Delovoy Peterburg published an article devoted to the new version of the draft law issued by the Ministry of Agriculture regarding plant quarantine. The discrepancies in this regulatory act threaten to put major agricultural holdings of the country, including ECO-Culture, at risk. The authors of the article have asked the opinion of experts and employees of the leading greenhouse enterprises in the country about the possible consequences of these amendments.
The problem is, the new wording of the law relating to a concept of a “quarantine object” can be difficult to understand and therefore leaves room for a variety of interpretations. Once translated from “legal language” into “human”, the new law grants Rosselkhoznadzor the right to inspect domestic enterprises not only for potentially harmful organisms (insects, fungi, plant pathogens) banned in Russia but also for objects recognized as such in other countries (possible importers). This in practice is fraught with the introduction of quarantine in the greenhouse complex upon any suspicion of the presence of organisms that have been declared as dubious by someone and somewhere.
For the record, a “quarantine object” does not necessarily mean dangerous. There are species of insects and microorganisms that are considered as quarantine while not posing a threat to human health. One example of this is the California thrips. Although this insect has quarantine status, it has been living in Russia since the 1990s and in no way threatens either people or the environment.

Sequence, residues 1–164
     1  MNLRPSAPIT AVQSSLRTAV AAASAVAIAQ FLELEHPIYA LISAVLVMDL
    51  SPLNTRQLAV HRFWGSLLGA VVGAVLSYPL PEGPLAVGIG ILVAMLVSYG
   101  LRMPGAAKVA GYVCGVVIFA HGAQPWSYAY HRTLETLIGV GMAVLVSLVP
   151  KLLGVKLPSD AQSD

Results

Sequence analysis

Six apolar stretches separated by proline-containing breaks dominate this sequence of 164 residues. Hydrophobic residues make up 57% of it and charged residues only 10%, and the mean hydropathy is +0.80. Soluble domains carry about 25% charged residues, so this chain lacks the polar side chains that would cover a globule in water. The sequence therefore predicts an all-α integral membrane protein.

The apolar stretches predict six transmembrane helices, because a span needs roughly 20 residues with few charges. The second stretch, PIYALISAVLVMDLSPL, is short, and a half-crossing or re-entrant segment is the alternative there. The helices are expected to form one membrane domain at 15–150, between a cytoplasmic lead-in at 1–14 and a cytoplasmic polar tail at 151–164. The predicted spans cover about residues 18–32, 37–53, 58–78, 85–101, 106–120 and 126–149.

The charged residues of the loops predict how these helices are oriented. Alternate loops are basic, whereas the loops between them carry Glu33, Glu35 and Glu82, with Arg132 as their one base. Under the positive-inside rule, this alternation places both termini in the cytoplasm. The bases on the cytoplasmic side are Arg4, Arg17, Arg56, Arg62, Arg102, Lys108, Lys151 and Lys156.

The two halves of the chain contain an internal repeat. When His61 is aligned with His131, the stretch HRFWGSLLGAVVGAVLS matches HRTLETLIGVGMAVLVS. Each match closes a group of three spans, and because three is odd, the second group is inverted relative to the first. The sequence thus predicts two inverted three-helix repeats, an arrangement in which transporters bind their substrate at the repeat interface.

After the new wording of the legislative act is introduced, any greenhouse complexes may be exposed to risk. According to Svetlana Zudilova, the Chief Agronomist of ECO-Culture holding, the existing list of quarantine pests requires significant reduction even without the new amendments. Should any of these organisms be detected during an inspection, serious sanctions could be imposed on the entire complex, up to and including a complete shutdown. Disrupting the cycle, however, would mean huge losses for the greenhouses.
In addition, according to Svetlana Zudilova, the whole batch of products suspected of having quarantine objects will have to be destroyed. As for the rest of the vegetables from the same greenhouse, it will require a special certificate for those to be released on the market.
The situation is aggravated by the fact that right now there is no way for agricultural enterprises to challenge the findings made by Rosselkhoznadzor. Even though the new law implies that plant samples are to be submitted to independent laboratories for testing, all such institutions are de-facto subordinated to the Phytosanitary Service.
The producers believe that the development of agriculture in the country requires the government to create laws aimed at supporting domestic suppliers, not vice versa. In reality, however, the new formulations and amendments only hinder the industry’s ability to grow.
For the full text of the article please visit Delovoy Peterburg’s official website.